By CCNM CEO Mario Jimenez
Modernizing the legislative process with more staff, longer sessions and compensation for lawmakers is the top priority for Common Cause New Mexico (CCNM) in the upcoming session. The bipartisan good government group will also push for further fixes to campaign finance and disclosure laws, and protections for election officials from intimidation.
“This year we have an historic revenue surplus, so there’s no time like now to make some permanent institutional changes in the legislative process to help the citizens of New Mexico with additional constituent services, more robust policy-making, and more opportunities for civic participation in the often opaque, convoluted process,” said CCNM Executive Director Mario Jimenez.
Jimenez stressed the importance of providing professional staff for hard-pressed lawmakers who — for most of the year — answer their own phones, do their own research, and spend “all night” getting work done during short legislative sessions .
“The people of New Mexico deserve better,” he said.
in Oct 2022, Common Cause’s annual survey found that 67 percent of likely voters support paid staff, 70 percent longer sessions, 64 percent paying lawmakers, and 84 percent more disclosure of income by lawmakers and their families. The support was broad and included responses from both parties and all parts of the state.
Two of the reform measures require constitutional changes. A measure up putting the issue of extending the session on the ballot is carried by Rep. Natalie Figueroa as HJR 2.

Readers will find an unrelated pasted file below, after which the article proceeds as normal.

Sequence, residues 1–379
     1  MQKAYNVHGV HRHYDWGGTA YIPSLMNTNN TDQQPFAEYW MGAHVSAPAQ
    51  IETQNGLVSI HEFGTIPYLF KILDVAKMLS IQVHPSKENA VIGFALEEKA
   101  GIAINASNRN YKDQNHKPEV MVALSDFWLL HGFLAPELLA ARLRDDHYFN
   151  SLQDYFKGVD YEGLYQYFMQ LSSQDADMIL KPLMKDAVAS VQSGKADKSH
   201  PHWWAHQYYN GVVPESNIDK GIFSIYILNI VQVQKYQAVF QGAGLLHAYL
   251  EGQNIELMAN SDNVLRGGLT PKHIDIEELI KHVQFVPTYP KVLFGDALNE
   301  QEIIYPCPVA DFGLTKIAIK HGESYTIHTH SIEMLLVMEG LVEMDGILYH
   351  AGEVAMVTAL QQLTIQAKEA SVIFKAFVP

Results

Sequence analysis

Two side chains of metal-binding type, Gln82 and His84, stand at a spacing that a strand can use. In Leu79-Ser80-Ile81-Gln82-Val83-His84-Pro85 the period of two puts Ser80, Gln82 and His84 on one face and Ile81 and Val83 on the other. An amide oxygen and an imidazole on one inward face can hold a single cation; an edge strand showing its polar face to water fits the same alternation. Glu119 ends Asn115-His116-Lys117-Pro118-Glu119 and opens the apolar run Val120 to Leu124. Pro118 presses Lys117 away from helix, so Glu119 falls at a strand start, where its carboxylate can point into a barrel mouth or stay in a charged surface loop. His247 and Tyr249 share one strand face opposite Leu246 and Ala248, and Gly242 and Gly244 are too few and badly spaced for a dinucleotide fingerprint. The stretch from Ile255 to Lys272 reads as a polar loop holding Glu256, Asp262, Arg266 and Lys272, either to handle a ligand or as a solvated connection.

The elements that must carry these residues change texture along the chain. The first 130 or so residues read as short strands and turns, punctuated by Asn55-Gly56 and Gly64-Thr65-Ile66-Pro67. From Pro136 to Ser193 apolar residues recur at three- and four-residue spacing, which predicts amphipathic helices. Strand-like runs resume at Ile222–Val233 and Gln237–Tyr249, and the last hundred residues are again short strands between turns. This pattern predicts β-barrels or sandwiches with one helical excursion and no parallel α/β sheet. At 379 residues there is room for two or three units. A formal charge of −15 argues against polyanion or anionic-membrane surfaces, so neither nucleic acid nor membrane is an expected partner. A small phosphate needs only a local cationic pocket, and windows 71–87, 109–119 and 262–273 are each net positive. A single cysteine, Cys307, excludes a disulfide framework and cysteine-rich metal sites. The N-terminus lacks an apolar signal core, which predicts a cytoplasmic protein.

Rep. Angelica Rubio will take action to set up a Citizens’ Commission on Legislative Salaries to set and cap salaries for lawmakers pending a voter referendum. A bill to fund staff for legislators is being drafted. No constitutional amendment is required.
Other bills on Common Cause’s priority list:
- A bill to tighten the Campaign Reporting Act to require greater disclosure of campaign credits, sponsored by Sens. Peter Wirth and Katy Duhigg;
- A invoice protect election officials and employees of county officials and the secretary of state from intimidation by Senator Katy Duhigg;
- HJR 1, sponsored by Rep. Natalie Figueroa to amend the Constitution to provide a truly independent District Redistribution Commission; and
- A Senate bill conducted by Sens. Peter Wirth and Kay Duhigg to enact stricter disclosure requirements for lawmakers and other elected officials.
Other invoices supported by Common Cause create open primaries where (independent) voters who opposed the state could choose either a Democratic or Republican ballotand additional disclosures to disclose lobbying activities and compensation.